Image by Nicholas Raymond on Flickr under the CC BY 2.0 license.
United Nations, African Union and other peacekeeping has grown. What are the kinds of interventions that create wars and make things worse for people? How can peacebuilding contribute to justice and development? How do war and peace cascade from one hot spot to another? How can peacebuilding be locally responsive and restorative as it transforms structural causes of war?
Peacebuilding Compared targets substantial fieldwork on these questions in 50 countries for at least 60 wars since 1990. Over 700 variables are coded for each war. Specific wars also stand alone as contextually rich accounts of successes and failures of peace.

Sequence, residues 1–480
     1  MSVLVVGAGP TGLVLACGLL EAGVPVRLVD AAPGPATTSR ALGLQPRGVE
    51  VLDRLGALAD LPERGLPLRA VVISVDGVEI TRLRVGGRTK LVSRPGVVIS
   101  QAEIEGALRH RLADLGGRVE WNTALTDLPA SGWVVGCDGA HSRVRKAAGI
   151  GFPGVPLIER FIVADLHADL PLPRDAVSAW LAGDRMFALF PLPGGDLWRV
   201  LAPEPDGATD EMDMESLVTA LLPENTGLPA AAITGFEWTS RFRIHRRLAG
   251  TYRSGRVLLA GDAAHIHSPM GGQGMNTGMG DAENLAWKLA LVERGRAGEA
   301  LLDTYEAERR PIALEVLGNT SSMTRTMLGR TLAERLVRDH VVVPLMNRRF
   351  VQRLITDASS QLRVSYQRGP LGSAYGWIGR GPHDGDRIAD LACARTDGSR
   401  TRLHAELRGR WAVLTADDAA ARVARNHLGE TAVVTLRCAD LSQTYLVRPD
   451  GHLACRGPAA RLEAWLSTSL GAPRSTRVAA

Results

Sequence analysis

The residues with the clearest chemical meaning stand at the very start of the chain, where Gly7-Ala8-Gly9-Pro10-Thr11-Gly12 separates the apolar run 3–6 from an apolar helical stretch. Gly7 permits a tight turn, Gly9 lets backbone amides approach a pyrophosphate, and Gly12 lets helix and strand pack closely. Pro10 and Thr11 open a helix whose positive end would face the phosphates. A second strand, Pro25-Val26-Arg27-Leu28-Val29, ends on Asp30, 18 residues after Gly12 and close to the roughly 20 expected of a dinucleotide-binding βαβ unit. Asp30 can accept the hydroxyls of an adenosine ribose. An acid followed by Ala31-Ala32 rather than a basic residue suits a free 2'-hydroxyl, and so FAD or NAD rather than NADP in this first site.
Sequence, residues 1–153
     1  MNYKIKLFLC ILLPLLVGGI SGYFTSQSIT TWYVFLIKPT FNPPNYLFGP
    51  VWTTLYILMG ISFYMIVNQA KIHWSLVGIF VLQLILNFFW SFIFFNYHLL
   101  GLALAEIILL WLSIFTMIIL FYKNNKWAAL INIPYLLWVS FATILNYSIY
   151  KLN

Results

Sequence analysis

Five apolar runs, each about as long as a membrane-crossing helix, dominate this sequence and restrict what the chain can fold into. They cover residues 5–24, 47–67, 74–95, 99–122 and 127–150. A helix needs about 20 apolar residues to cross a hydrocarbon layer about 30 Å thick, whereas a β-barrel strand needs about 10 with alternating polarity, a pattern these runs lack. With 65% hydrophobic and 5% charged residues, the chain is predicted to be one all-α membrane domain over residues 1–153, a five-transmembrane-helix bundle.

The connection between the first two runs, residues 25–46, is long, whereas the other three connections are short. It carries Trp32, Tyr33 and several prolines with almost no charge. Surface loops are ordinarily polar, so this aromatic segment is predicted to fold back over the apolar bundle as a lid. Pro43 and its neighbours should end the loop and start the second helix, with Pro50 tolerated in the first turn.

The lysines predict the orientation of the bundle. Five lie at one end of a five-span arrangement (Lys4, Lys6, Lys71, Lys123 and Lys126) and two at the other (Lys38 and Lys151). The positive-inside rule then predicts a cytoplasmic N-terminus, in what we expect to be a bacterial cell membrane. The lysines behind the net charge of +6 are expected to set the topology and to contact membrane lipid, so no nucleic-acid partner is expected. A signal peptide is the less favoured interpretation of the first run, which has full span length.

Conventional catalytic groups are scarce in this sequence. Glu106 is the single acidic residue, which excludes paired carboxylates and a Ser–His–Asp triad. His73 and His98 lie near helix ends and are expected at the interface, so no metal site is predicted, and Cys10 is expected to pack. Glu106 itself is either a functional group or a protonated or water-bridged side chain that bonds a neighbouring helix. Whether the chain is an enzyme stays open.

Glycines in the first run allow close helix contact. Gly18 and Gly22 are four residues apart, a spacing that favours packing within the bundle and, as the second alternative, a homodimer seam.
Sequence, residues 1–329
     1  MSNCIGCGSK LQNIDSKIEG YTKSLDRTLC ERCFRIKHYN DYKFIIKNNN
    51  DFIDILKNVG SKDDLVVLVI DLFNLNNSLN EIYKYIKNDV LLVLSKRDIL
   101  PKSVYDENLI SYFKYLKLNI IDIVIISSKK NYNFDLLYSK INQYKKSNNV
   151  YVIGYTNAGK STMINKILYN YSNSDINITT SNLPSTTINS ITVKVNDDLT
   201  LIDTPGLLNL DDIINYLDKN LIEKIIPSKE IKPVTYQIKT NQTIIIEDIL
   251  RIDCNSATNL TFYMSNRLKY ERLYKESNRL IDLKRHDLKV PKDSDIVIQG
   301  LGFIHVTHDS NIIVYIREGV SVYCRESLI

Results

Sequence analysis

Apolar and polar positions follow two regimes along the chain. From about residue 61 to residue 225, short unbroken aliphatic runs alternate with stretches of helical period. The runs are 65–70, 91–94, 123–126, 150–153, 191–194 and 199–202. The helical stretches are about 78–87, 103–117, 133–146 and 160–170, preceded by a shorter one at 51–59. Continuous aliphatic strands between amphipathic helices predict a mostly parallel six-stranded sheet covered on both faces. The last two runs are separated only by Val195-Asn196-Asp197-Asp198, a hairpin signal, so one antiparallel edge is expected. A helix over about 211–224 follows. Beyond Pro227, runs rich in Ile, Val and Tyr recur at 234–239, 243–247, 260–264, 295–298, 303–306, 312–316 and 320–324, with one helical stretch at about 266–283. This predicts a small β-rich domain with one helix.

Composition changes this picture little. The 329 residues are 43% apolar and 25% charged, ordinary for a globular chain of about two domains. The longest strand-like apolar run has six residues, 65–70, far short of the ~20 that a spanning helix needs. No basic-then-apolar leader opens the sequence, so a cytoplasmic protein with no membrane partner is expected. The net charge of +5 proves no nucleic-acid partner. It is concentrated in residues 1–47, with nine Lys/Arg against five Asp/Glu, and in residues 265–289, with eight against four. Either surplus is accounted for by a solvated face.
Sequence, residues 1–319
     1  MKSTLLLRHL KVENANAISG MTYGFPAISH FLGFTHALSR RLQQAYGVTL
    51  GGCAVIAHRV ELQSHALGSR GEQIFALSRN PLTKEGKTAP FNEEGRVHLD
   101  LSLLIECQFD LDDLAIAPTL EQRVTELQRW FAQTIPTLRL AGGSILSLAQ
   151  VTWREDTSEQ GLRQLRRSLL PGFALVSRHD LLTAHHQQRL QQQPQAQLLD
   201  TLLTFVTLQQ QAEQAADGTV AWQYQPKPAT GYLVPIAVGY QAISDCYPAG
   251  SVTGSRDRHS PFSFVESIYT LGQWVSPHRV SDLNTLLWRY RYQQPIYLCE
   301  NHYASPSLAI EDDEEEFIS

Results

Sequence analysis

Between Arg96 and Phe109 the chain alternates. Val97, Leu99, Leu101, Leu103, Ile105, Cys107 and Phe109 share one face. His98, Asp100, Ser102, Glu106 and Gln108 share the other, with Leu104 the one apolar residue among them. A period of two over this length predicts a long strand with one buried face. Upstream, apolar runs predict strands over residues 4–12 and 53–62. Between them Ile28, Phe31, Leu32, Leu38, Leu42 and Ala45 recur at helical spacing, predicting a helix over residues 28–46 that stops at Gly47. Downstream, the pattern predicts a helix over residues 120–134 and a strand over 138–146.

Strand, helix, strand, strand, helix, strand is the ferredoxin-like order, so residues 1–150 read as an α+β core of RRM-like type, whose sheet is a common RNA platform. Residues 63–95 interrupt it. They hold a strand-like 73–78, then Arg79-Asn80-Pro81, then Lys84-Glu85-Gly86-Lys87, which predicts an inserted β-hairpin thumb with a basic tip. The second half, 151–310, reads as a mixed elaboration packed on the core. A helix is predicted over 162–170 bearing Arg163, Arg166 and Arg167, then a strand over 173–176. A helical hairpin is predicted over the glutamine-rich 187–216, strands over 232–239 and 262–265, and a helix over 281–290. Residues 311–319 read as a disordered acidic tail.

The Australian Research Council has funded Peacebuilding Compared since 2004. 26 conflicts now have preliminary coding and sustainability of peace will be followed for 20 years (until 2030). The aim is a unique hybrid of ethnographic and quantitative research. Peacebuilding Compared is led by John Braithwaite, who drives all fieldwork in collaboration with more expert co-authors and PhD scholars, usually citizens of the wartorn society.